Our data illustrate how the true concentration of A1AT might be underestimated due to polymer formation. Small changes in the antigen structure (such as a single amino acid in Z-A1AT) can affect the affinity of the antibody-antigen interaction in immunological methods, whereas retarded polymer migration may show reduced protein levels in the α1-globulin band. Further evaluation of electrophoretic and immunological methods routinely used for A1ATD is warranted. Novel studies are also needed to determine appropriate quantitative α1-globulin fraction cutoffs for electrophoretic methods.

Taken together, we believe that this pilot study, even with its experimental limitations, should alert clinicians and researchers to pay attention to the influence of Z A1AT polymers on the accuracy of quantitative and qualitative analysis of A1AT. Our study may also encourage the development of more structured routine SPE protocols in A1ATD detection programs and, thereby, provide earlier detection of A1ATD.

Take home message

The Z deficiency of α1-antitrypsin (A1AT) is an under-recognized condition related to the significant risk of developing COPD and emphysema. A1AT is the main protein in the α1-globulin fraction of serum protein electrophoresis (SPE); however, evaluation of the α1-globulin protein fraction has received very little attention. Moreover, serum Z-type A1AT manifests in polymeric forms, but their interference with quantitative immunoassays has not been reported. We illustrate that routine SPE is a suitable method for quantification of the α1-globulin band and the detection of A1AT deficiency. We also show that polymerization of M A1AT, when measured by nephelometry or isolelectrofocusing, yields inaccurate results, leading to the erroneous impression that it was Z-type and not M-type A1AT. Clinicians should consider a more in-depth investigation of A1AT deficiency in patients when they exhibit serum polymers and low α1-globulin protein levels by SPE. The early detection of A1AT deficiency could prevent disease development.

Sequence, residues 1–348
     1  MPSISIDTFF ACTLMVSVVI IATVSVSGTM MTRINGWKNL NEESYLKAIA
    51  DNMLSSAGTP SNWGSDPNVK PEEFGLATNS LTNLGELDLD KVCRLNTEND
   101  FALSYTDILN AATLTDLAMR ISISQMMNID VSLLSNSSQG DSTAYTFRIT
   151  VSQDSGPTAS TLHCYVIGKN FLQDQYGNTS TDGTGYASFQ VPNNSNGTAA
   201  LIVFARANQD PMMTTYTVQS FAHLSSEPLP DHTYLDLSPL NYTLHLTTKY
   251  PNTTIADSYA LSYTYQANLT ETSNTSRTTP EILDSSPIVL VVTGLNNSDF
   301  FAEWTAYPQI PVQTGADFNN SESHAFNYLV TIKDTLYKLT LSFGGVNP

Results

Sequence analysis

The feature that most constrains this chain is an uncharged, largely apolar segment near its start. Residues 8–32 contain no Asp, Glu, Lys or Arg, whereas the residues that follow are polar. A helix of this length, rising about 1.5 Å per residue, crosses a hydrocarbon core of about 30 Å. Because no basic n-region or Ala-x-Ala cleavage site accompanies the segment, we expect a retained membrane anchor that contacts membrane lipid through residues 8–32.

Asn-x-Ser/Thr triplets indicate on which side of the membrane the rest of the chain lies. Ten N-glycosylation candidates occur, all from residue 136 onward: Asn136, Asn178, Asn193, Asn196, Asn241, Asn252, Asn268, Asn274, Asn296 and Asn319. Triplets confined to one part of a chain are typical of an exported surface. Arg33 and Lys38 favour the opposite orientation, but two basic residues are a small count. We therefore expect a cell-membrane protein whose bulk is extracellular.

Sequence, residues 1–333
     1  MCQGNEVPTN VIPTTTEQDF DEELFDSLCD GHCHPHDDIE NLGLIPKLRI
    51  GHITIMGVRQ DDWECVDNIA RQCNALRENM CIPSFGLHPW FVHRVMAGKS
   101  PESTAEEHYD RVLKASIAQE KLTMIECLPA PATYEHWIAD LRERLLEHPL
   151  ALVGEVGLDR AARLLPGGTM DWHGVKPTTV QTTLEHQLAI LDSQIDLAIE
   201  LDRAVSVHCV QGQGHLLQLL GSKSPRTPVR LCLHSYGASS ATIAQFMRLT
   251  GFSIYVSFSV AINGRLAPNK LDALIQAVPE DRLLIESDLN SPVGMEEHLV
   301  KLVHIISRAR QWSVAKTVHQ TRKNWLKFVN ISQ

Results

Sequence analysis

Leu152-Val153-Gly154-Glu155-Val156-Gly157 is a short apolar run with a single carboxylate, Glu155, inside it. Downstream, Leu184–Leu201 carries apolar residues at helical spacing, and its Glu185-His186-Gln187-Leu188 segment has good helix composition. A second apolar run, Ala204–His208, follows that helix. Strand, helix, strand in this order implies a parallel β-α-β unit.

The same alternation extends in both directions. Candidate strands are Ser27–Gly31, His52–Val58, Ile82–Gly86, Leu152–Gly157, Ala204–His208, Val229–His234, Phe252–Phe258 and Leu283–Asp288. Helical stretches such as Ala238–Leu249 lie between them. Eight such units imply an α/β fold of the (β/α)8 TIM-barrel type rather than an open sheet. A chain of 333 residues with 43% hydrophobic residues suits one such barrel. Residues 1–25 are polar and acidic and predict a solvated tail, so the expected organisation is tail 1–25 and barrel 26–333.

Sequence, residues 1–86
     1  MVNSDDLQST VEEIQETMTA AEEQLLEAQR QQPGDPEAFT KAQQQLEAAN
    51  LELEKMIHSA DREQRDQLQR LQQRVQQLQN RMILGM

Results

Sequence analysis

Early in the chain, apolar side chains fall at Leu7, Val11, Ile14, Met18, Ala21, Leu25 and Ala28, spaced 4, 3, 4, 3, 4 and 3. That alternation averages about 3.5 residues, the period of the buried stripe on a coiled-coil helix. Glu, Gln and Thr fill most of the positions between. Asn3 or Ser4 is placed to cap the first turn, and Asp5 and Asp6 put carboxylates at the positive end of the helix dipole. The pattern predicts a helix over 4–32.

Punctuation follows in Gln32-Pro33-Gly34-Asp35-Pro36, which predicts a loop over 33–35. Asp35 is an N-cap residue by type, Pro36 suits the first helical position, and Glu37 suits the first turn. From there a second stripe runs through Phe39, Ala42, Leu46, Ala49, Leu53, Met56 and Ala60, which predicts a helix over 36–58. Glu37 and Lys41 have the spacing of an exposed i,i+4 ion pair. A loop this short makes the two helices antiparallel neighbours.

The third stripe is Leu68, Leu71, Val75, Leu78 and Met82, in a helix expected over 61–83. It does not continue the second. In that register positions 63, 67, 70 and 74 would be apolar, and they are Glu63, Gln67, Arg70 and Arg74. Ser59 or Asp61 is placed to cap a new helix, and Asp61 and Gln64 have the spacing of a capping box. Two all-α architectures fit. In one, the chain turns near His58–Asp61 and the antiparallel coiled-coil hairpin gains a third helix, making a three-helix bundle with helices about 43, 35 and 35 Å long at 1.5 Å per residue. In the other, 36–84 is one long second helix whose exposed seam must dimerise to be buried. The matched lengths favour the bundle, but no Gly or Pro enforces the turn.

Author Contributions

Conceived and designed the experiments: SJ ML IF. Performed the experiments: IF BP-W MTT JK MD SO RB MG GS LC. Analyzed the data: IF MTT SJ RK. Contributed reagents/materials/analysis tools: TW JC-W RK. Wrote the paper: SJ ML IF TW JC-W.

References

  1. 1. Seixas S, Garcia O, Trovoada MJ, Santos MT, Amorim A, Rocha J. Patterns of haplotype diversity within the serpin gene cluster at 14q32.1: insights into the natural history of the alpha1-antitrypsin polymorphism. Hum Genet 2001; 108: 20–30. pmid:11214903
  2. 2. Fagerhol MK, Laurell CB. The Pi system-inherited variants of serum alpha 1-antitrypsin. Prog Med Genet 1970; 7: 96–111. pmid:4911922
  3. 3. Greene CM, Miller SD, Carroll T, McLean C, O'Mahony M, Lawless MW, et al. Alpha-1 antitrypsin deficiency: a conformational disease associated with lung and liver manifestations. J Inherit Metab Dis 2008; 31: 21–34. pmid:18193338
  4. 4. Popławska B, Janciauskiene S, Chorostowska-Wynimko J. Genetic variants of alpha-1 antitrypsin: classification and clinical implications. Pneumonol Alergol Pol 2013; 81: 45–54. pmid:23258471
  5. 5. Jeppsson JO. Amino acid substitution Glu leads to Lys alpha1-antitrypsin PiZ. FEBS Lett 1976; 65: 195–197. pmid:1084290
  6. 6. de Serres FJ. Worldwide racial andethnic distribution of alpha 1-antitrypsin deficiency: summary of an analysis of published genetic epidemiologic surveys. Chest 2002; 122: 1818–1829. pmid:12426287
  7. 7. Luisetti M, Seersholm N. Alpha1-antitrypsin deficiency, 1: epidemiology of alpha1-antitrypsin deficiency. Thorax 2004; 59: 164–169. pmid:14760160
  8. 8. Stoller JK, Aboussouan LS. Alpha1-antitrypsin deficiency. Lancet 2005; 365: 2225–2236. pmid:15978931
  9. 9. de Serres FJ. Alpha-1 antitrypsin deficiency is not a rare disease but a disease that is rarely diagnosed. Environ Health Perspect 2003; 111: 1851–1854. pmid:14654440
  10. 10. Aboussouan LS, Stoller JK. Detection of alpha1-antitrypsin deficiency: a review. Respir Med 2009; 103: 335–334. pmid:19013782